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ANDEAN TRADE PREFERENCES CLEARS FIRST SENATE HURDLE

WASHINGTON — An Andean trade bill that would drop duties on apparel from the region made of U.S. textiles cleared its first procedural hurdle on Monday.
The Senate voted 69-21 to formally bring the bill to the floor, a small but significant step for legislation that’s expected to attract more controversy once lawmakers attach a bill to renew the President’s trade promotion authority. TPA would mean Congress couldn’t amend trade pacts negotiated by the administration with foreign countries, but only approve or disapprove them.
This vote can’t be construed as necessarily forecasting a final vote since it’s on a procedural issue.
Debate over bills that could lead to increased imports is fueling debate this election year among lawmakers, like in textile-producing states, where manufacturing jobs are being lost to foreign competition. However, trade bills continue to garner strong support on Capitol Hill among lawmakers who consider increased trade as being an overall plus to U.S. jobs and the economy.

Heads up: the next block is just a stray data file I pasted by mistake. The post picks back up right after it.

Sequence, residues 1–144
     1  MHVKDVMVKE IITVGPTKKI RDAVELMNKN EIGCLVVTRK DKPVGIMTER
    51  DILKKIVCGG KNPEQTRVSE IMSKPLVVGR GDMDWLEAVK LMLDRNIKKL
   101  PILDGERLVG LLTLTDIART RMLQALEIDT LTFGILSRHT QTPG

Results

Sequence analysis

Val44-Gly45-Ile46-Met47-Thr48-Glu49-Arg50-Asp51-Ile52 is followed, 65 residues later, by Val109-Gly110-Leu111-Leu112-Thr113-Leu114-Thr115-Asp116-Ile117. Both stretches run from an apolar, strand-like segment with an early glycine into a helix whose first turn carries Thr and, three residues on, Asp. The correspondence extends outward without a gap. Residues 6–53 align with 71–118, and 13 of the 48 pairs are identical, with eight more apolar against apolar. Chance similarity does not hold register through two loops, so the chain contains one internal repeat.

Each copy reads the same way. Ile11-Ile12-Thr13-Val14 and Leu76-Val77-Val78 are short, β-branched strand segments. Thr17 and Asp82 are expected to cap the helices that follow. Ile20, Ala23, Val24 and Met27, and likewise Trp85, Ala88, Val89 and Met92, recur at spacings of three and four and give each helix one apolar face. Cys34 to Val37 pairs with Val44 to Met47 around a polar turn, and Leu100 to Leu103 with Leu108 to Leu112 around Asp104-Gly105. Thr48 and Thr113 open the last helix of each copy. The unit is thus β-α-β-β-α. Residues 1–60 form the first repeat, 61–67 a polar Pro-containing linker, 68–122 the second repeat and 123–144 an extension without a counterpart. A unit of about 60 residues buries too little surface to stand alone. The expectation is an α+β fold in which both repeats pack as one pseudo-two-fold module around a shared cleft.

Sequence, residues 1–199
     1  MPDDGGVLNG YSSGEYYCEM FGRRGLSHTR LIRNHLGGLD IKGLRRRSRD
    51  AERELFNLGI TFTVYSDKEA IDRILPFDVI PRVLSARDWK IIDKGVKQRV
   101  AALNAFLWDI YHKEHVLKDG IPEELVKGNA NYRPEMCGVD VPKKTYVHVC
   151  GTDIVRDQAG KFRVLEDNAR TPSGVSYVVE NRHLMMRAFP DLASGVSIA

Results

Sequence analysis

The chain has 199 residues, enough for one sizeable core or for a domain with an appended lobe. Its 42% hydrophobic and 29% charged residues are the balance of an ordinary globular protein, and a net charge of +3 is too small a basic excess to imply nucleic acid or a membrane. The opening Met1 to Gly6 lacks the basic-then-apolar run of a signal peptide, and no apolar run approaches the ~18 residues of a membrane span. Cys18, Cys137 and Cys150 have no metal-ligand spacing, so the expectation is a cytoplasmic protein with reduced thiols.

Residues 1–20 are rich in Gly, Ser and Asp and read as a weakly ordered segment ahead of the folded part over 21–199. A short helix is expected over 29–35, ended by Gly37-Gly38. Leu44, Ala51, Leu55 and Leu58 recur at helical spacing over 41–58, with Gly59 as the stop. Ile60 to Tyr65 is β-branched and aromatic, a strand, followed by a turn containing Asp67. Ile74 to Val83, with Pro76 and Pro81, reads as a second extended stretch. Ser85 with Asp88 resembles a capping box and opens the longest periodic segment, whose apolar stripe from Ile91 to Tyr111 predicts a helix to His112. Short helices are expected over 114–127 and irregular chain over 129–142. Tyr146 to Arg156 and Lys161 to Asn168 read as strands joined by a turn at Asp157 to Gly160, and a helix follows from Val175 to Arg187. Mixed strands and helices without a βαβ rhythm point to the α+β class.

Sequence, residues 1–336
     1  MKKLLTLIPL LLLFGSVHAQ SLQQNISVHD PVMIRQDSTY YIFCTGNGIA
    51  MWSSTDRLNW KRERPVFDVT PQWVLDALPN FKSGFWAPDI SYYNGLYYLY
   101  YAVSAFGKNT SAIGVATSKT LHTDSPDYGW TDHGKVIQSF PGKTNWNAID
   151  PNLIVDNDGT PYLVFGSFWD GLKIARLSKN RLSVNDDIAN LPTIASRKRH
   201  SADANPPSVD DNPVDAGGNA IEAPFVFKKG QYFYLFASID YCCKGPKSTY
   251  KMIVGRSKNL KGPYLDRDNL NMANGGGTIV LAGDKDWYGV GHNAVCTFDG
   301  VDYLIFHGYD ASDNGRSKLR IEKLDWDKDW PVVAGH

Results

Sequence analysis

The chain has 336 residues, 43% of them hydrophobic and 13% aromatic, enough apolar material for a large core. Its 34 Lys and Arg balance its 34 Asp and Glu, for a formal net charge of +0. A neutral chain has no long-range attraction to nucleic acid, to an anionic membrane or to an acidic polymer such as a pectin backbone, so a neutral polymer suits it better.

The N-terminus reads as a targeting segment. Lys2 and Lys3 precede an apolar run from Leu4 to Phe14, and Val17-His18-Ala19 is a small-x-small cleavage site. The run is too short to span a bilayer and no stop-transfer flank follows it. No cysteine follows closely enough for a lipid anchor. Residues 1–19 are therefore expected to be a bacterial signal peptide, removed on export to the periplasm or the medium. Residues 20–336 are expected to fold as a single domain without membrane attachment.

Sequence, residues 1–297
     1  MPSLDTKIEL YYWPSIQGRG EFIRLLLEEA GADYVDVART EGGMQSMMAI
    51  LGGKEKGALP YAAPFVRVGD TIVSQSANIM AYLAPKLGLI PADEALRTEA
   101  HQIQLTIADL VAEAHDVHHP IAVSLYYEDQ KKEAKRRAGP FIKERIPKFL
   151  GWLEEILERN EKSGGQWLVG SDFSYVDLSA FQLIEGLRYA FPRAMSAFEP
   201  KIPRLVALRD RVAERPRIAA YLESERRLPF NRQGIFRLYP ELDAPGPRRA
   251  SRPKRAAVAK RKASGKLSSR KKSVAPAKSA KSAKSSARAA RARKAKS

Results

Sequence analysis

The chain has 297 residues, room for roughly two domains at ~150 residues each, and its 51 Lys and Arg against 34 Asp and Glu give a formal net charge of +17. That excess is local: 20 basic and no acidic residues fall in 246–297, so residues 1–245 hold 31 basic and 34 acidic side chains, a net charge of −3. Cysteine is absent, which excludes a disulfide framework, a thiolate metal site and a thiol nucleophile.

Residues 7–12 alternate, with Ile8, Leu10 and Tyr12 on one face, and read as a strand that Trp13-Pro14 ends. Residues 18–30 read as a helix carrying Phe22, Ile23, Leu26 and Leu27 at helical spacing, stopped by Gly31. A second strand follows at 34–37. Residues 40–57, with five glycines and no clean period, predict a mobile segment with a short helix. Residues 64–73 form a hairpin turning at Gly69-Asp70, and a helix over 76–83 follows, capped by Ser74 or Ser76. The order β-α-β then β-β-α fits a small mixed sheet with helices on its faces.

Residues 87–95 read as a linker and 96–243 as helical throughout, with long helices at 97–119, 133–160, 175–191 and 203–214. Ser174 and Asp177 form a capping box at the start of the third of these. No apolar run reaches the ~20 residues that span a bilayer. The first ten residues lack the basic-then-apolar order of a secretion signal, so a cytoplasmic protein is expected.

The domestic textile industry opposes the Andean bill despite its U.S.-textile-only rule. Mill officials fear a final Andean bill emerging from Congress would be changed to reconcile it with a House bill that allows for regional fabric and some third-country textiles.

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